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Whidbey League of Women Voters encourages voter participation
Thanks to the Whidbey Island League of Women Voters, islanders are becoming more aware that there is an important election starting late this week.
The League sponsored a Candidates and Issues Night Tuesday in Oak Harbor, and there’s another one Thursday in Coupeville. If you missed the Oak Harbor event, be sure to be at the Coupeville Recreation Hall at 7 p.m. Thursday.
Island County Auditor Sheilah Crider said she planned to mail out ballots this week, so voters should find them in their mailboxes soon. Although the official primary election date does not fall until Tuesday, Aug. 19, thanks to the mail-in ballots most voters will have long since cast their ballots by the time election day rolls around.
This is not just another ho-hum primary. Two important issues will be resolved. Central Whidbey voters will decide whether they want to create a Coupeville Library District to coincide with the school district’s boundaries and, if so, whether a tax should be approved to pay for upgrading and expanding the existing library. It’s estimated to tack another $20 a year onto the tax bill of someone owing a house valued at $300,000.
The other issue to be settled involves Island County Superior Court, where incumbent Judge Vicki Churchill is being challenged by Craig Platt. The winner will not have to compete in the November general election, as the matter will be settled on Aug. 19.
In other local races, the most competitive appears to be for Island County commissioner from District 1, which encompasses South and Central Whidbey. Appointed incumbent Phil Bakke is trying to retain his seat against challenges from Curt Gordon, Helen Price Johnson and Reece Rose. Bakke and Rose are Republicans, Price Johnson is a Democrat and Gordon is unaffiliated with any party. This is an interesting test of the new “Top Two” primary, in which the top two vote-getters advance to November, regardless of party. Fortunately, we don’t have professional pollsters in Island County telling us what’s going to happen. We still have to wait for the vote count.
There are a host of other races on the ballot, from governor to U.S. Congress, to 10th District Senate and House races. Many candidates are dreaming of pulling off an upset in a summer primary when a lot of voters may not be paying much attention. But in Island County that is not the case, as the League of Women Voters is making sure everyone has a chance to meet the candidates of local importance.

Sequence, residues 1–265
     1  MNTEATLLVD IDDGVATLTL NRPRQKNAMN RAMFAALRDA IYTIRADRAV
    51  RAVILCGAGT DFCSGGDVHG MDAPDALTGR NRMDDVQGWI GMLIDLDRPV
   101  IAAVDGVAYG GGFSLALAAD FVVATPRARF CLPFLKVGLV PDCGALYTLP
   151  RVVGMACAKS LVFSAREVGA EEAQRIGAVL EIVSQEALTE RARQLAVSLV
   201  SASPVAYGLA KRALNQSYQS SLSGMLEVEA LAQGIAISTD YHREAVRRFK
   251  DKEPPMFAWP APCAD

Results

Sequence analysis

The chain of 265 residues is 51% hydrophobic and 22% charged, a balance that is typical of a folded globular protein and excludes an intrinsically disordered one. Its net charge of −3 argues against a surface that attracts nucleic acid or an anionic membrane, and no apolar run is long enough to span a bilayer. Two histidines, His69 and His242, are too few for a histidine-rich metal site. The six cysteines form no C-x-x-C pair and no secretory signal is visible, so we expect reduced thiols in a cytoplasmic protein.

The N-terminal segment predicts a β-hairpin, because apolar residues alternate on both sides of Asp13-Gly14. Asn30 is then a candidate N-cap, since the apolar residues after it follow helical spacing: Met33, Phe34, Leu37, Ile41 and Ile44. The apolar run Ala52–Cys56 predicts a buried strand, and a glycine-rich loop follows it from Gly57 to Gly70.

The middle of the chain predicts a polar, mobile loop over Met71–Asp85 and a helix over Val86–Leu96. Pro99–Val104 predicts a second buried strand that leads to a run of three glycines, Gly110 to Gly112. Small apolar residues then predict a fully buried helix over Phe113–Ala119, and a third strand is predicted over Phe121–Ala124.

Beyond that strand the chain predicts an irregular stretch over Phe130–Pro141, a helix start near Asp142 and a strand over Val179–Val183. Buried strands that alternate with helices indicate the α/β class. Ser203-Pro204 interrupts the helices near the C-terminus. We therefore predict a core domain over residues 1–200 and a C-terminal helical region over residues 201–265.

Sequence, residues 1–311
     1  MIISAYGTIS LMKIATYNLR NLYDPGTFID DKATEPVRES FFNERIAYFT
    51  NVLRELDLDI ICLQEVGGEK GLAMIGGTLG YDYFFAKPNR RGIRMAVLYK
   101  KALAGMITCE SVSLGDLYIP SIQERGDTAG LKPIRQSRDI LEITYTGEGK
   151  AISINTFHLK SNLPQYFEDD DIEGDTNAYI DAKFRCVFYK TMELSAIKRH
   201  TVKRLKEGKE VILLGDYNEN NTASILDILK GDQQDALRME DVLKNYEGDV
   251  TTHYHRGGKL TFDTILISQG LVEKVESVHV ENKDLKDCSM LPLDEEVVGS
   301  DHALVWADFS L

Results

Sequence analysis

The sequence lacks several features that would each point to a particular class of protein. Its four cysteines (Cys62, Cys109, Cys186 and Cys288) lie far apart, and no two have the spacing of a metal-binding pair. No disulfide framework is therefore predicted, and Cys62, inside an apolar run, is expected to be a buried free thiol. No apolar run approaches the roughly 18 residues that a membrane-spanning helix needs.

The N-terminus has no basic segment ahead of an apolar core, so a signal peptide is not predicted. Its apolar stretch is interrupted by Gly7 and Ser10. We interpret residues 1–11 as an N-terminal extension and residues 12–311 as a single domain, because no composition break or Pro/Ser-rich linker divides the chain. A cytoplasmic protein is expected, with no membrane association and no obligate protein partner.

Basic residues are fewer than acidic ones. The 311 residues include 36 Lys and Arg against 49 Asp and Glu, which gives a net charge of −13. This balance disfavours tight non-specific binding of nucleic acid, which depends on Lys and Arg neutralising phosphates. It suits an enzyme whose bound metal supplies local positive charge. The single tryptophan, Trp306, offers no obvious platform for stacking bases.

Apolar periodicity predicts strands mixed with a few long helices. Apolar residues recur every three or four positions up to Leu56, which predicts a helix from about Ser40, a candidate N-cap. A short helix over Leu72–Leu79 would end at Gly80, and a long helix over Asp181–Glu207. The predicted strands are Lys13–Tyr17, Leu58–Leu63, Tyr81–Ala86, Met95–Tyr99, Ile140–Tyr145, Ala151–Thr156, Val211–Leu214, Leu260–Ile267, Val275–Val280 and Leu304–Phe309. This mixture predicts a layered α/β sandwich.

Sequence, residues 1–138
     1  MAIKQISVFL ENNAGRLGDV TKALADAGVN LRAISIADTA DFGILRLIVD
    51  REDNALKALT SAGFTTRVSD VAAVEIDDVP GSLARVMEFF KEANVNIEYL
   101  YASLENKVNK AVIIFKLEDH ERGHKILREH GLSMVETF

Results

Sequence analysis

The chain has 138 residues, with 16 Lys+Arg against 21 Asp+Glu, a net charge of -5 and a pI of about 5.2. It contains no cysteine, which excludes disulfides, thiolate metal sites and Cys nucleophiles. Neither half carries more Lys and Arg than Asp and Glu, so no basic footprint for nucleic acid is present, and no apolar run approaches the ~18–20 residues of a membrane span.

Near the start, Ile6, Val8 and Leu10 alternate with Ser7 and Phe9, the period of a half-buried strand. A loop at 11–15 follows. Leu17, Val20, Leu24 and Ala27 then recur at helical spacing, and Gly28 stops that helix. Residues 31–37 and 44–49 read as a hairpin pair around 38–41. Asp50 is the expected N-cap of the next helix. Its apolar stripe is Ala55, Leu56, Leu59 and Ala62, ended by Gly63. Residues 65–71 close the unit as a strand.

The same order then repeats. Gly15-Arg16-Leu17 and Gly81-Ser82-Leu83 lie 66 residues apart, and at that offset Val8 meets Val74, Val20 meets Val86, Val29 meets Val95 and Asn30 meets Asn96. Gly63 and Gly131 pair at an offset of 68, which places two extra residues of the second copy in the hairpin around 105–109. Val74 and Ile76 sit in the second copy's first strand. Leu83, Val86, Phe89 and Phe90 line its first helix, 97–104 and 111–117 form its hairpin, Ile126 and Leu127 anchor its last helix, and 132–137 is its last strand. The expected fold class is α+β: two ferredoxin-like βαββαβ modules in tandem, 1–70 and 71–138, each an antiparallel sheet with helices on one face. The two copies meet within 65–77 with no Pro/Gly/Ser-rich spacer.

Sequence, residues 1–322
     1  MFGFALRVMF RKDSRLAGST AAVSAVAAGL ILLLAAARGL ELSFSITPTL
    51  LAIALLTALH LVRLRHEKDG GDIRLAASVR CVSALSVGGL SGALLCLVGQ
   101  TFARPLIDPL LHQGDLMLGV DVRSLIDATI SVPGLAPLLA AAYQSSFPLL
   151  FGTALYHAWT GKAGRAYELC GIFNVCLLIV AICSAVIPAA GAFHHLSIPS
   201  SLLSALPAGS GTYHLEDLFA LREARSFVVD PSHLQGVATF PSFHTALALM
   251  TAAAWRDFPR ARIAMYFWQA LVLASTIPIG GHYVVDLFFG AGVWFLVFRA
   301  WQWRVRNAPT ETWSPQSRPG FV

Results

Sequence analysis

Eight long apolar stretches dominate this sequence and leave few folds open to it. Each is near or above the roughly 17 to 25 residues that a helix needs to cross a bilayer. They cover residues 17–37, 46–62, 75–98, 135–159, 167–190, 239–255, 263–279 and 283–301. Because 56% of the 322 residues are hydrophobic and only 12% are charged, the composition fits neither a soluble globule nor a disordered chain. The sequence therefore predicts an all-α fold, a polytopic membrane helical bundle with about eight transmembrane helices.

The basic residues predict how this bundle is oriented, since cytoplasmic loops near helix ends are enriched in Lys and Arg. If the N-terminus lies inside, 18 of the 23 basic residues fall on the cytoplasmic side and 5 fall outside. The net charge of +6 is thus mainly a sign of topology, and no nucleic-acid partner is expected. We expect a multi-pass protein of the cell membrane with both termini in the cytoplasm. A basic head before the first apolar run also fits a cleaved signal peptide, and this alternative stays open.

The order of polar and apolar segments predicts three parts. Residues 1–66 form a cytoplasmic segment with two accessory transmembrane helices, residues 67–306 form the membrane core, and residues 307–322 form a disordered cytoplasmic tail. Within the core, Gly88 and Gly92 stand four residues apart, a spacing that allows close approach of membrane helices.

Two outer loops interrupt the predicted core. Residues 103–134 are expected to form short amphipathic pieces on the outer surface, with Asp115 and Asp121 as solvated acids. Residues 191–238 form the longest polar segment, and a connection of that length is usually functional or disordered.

It’s not easy hosting a Candidates Night, as it requires notifying the candidates, reserving a room, finding a moderator, and welcoming the public. When you’re in Coupeville tomorrow night, remember to thank a League member for furthering democracy in Island County.
Don’t forget about orcas
Whidbey Island’s Orca Network continually does good work in keeping orca whales in the minds of islanders and others who love Puget Sound.
The small population of Southern Resident orca whales delights islanders on a regular basis on both sides of Whidbey Island. Their great black-and-white bodies can be seen in Penn Cove, Admiralty Inlet and Saratoga Passage as they pursue their favorite meal of salmon. People with view homes see them most often, but sometimes others get lucky and see them while boating, walking the beach or taking a ferry. It’s a sight that is never forgotten. Without the orcas, the Puget Sound area would lose its soul.
On Friday, Aug. 8, the Orca Network is remembering a dark chapter in the history of Puget Sound: the days in the 1960s and early ‘70s when orcas, then called killer whales, were captured and sold to aquariums. Forty-five whales were captured while 13 others died in the roundups. The population barely survived and to this day is still struggling to recover. Orcas are long-lived in the wild, but only one captured orca is alive today. Efforts continue to free Lolita from the Miami Seaquarium and bring her home to Puget Sound.
The Captain Whidbey Inn, which overlooks Penn Cove in which the most notorious orca roundup took place, is the site of the Aug. 8 event. There will be displays, speakers and much information on how to help save the orcas. If you want to get involved, email firstname.lastname@example.org or call 1-866-ORCANET. Proceeds further educational efforts, which is ultimately the only way to save the orcas.